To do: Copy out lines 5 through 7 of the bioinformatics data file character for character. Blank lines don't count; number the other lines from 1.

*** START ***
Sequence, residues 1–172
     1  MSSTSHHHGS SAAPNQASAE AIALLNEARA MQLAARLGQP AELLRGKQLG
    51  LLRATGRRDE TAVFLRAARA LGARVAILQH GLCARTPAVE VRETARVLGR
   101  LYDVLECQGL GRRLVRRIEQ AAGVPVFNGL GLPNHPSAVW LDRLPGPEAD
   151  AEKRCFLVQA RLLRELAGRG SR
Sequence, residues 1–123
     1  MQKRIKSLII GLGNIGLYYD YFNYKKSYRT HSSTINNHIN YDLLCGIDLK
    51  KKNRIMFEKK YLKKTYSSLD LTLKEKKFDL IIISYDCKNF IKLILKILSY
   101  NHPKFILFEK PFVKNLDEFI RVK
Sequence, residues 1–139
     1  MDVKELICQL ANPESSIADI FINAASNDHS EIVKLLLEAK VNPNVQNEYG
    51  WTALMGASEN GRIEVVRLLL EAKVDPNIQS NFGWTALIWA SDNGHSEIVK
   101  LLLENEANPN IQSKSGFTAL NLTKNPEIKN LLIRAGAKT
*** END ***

   151  AEKRCFLVQA RLLRELAGRG SR
Sequence, residues 1–123
     1  MQKRIKSLII GLGNIGLYYD YFNYKKSYRT HSSTINNHIN YDLLCGIDLK